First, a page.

NewsFebruary 6, 2017 @ 1:30 PM

Beyond Virtual: Vulnerability Testing Tools Now Hack Hardware

Vulnerability testing for software and networks is both necessary and ubiquitous, giving rise to tools such as the open source Metasploit framework. This can seek out weaknesses, run exploits and mimic attacks in the wild against corporate services.

The missing link is hardware. Given the difficulty of linking hardware directly to testing solutions, companies have typically relied on purpose-built services to ensure security. According to Dark Reading, however, a new Hardware Bridge API for Metasploit extends the functionality of this tool beyond the virtual, allowing security experts to directly hack their own hardware.

A Storm Is Brewing

While on-premises and cloud-based applications have been the go-to choice of cybercriminals over the last few years, this focus is changing as more Internet of Things (IoT) devices hit the market and more industrial enterprises opt for internet-facing control systems. The result is a potential hardware hacking deluge as attackers look for ways to breach physical systems and cause havoc.

As noted by Electronic Engineering Journal, for example, the growing popularity of 3-D printers comes with concern. If fraudsters are able to alter the firmware of these devices, they can change the configuration of output materials without detection. Sure, the changes would have to be small — joints slightly out of place or holes moved — but when it comes to strength-intensive applications that depend on specific design features, this kind of breach could be devastating.

Hackaday, meanwhile, pointed to the increasing number of “covert channels” that target hardware by bridging the air gap. It’s now possible to use fan sounds as a way to exfiltrate information, temperature variations to introduce malware and vibration to recreate keystrokes. Put simply, a storm of hardware hacks is brewing, and most companies aren’t ready for the rain.

How the Hardware Bridge Works

Dark Reading reported that the new Metasploit hardware bridge aims to reduce the complexity of device-based security tests, specifically in the automotive space. Security firm Rapid7, which owns the Metasploit project, announced plans to roll out support for additional verticals later this year.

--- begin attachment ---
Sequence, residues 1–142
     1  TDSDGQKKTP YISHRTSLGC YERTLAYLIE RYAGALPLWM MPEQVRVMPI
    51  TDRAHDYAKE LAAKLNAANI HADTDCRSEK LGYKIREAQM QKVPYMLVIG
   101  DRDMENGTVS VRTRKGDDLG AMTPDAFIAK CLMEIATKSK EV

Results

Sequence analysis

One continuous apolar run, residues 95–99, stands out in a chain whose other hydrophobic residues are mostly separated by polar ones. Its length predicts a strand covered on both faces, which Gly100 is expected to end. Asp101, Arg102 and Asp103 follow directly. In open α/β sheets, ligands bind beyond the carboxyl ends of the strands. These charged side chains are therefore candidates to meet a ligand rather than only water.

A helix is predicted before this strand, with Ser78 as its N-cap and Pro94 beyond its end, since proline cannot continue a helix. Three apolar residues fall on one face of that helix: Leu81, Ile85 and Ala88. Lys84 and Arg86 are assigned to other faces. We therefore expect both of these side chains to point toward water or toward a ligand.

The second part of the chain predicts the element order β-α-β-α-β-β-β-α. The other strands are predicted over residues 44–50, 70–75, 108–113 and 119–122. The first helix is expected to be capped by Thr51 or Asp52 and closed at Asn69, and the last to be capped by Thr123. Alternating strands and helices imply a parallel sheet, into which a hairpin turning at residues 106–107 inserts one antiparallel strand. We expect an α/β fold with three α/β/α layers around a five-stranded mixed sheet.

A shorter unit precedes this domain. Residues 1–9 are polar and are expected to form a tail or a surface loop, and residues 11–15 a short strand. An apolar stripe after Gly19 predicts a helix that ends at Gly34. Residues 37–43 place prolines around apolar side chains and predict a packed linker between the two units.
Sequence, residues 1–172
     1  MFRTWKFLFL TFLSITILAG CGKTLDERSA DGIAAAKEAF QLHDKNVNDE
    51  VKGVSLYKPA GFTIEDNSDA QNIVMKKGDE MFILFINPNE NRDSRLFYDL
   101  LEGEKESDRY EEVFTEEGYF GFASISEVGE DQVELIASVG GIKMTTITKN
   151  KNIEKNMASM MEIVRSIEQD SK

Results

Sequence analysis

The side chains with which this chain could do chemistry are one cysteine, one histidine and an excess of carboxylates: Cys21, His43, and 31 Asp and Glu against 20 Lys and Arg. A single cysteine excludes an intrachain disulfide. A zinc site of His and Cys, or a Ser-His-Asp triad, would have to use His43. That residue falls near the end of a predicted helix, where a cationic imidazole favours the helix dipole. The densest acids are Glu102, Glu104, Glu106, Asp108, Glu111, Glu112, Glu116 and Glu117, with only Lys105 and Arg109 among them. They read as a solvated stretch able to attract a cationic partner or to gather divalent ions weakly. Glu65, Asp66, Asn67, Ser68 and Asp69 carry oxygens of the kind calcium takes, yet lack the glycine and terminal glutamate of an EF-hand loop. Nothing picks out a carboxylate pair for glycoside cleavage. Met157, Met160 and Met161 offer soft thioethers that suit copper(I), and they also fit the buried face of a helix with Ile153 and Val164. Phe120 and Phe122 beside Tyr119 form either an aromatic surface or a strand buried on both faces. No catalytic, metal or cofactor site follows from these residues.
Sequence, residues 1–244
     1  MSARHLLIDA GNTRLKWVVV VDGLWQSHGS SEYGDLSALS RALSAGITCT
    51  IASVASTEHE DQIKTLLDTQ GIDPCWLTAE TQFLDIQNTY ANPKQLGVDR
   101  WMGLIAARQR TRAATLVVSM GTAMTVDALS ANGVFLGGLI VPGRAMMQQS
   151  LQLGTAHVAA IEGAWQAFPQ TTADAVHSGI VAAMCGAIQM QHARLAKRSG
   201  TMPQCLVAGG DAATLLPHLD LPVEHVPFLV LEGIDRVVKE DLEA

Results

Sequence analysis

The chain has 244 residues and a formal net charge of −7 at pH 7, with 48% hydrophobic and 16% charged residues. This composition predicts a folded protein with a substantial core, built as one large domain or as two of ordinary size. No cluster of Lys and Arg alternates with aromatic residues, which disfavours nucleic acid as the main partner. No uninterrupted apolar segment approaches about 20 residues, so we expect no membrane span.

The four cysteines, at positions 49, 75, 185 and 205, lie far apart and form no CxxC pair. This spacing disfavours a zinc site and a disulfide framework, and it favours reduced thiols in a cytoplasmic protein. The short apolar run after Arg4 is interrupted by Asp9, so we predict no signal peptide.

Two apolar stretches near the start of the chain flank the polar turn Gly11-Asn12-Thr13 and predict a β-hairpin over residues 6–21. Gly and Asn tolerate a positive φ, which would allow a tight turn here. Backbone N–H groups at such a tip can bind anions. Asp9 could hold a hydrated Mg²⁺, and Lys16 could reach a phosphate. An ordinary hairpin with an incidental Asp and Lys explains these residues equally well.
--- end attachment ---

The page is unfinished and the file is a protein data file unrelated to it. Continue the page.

So how does the hardware bridge work? Instead of relying on Ethernet, it leverages a combination of wireless communication and direct hardware manipulation, allowing manufacturers to enable support for Metasploit in firmware or create a relay service for devices without Ethernet access.

The Importance of Vulnerability Testing

According to Rapid7 developer Craig Smith, this allows companies “to utilize hardware to reach areas you couldn’t before,” such as a vehicle’s Controller Area Network (CAN) bus system, Dark Reading said. This, in turn, allows automakers to test for threats on devices that are not exposed to traditional networks but could pose serious risk if compromised.

Researchers have already demonstrated the ability to change a moving vehicle’s direction or speed by compromising its network-based components. Given the growing push for self-driving vehicles, it’s impossible to overstate the need for direct, straightforward hardware vulnerability testing.

Software and network testing are solid starting points, but in an IoT-enabled world, they’re simply not enough. Open source, easy-to-use hardware hacking tools represent the next step toward effective, physical cyberdefense.

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Douglas Bonderud

Freelance Writer

A freelance writer for three years, Doug Bonderud is a Western Canadian with expertise in the fields of technology and innovation. In addition to working for the IBM Midsize Insider, The Content Standard and Proteomics programs for Skyword, Doug also writes for companies like Ephricon Web Marketing and sites such as MSDynamicsWorld. Clients are impressed with not only his command of language but the minimal need for editing necessary in his pieces. His ability to create readable, relatable articles from diverse Web content is second to none. He has also written a weekly column for TORWars, a videogaming website; posts about invention and design for InventorSpot.com and general knowledge articles for WiseGeek. From 2010-2012, Doug did copywriting for eCopywriters.com. Doug is currently a municipal police officer, on track to become a fantasy/sci-fi author.